In the summer of 1983, just days before the birth of his first son, writer and theologian John Hull went blind. In order to make sense of the upheaval in his life, he began keeping a diary ...
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The story of the relationship between Karamakate, an Amazonian shaman and last survivor of his people, and two scientists who work together over the course of 40 years to search the Amazon for a sacred healing plant.
Anna is stuck: she's approaching 30, living like a hermit in her mum's garden shed and wondering why the suffragettes ever bothered. She spends her days making videos using her thumbs as ... See full summary »
Journalist David Farrier stumbles upon a mysterious tickling competition online. As he delves deeper he comes up against fierce resistance, but that doesn't stop him getting to the bottom of a story stranger than fiction.
In the summer of 1983, just days before the birth of his first son, writer and theologian John Hull went blind. In order to make sense of the upheaval in his life, he began keeping a diary on audiocassette. Upon their publication in 1990, Oliver Sacks described the work as 'the most extraordinary, precise, deep and beautiful account of blindness I have ever read. It is to my mind a masterpiece.' With exclusive access to these original recordings, NOTES ON BLINDNESS encompasses dreams, memory and imaginative life, excavating the interior world of blindness.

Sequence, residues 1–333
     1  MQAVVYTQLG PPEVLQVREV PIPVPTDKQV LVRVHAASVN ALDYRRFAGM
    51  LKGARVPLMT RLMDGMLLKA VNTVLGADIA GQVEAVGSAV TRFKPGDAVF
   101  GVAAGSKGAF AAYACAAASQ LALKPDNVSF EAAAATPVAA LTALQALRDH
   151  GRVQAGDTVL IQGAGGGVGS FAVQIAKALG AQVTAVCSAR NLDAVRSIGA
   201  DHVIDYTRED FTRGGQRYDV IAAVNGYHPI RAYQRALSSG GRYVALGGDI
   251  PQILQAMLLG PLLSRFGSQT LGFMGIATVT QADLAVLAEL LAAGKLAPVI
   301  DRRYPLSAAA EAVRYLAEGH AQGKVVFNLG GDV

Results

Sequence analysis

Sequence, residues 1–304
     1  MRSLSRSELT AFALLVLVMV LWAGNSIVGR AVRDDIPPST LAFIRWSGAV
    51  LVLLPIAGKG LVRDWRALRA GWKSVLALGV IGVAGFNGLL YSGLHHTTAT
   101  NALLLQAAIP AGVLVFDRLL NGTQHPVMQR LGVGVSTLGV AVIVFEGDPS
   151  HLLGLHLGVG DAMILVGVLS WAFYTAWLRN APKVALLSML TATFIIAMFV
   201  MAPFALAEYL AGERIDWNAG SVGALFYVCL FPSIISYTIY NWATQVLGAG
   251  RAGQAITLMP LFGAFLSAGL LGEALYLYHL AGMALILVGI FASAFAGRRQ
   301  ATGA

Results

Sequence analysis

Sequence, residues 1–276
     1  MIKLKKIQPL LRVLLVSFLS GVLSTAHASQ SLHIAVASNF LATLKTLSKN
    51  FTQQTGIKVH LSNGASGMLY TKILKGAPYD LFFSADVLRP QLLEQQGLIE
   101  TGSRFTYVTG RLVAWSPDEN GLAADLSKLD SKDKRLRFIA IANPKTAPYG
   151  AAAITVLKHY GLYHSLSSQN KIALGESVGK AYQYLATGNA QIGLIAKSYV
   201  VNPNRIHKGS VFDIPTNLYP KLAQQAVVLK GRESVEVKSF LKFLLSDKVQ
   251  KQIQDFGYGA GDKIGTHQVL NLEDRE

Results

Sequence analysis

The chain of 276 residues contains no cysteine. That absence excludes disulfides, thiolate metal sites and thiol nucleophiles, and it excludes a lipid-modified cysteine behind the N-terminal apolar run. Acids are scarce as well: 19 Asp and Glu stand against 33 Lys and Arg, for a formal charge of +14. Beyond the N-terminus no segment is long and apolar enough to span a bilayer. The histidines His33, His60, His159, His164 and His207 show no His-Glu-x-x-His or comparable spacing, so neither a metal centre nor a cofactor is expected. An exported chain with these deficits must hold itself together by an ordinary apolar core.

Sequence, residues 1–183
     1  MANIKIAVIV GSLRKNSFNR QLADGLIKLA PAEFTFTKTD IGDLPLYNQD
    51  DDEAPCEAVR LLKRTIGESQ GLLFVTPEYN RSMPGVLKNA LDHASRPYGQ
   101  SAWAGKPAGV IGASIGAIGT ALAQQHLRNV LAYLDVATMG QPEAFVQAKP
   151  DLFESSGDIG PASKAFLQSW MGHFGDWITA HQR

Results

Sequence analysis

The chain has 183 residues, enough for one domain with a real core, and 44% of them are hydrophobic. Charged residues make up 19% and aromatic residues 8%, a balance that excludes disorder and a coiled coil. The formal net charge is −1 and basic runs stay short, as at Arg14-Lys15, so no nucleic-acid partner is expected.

I love the concept behind these. Using actual tapes, editing them together in a way to present them as a narrative, and then creating the visuals to match it. The fact that it is a story about a man who no longer can see, adds to it. It's an interesting way to mix truth and fiction, because the story and dialogue is all real, and could have been presented as a documentary of sorts. But by editing them, adding the environmental sounds, and getting actors to "play it out", it blurs the line in a really interesting way. That, in addition to some of the insights into how it is to become blind, are the clear highlights of the movie. Sadly, it does not have much more to offer that's very interesting.
In a way, ironically, I think this story would work better as just the audio. The editing done was brilliant, and combine with the atmospheric sounds added, I think it could have been a really good radio story. With an added level that a story about blindness would have no visuals.
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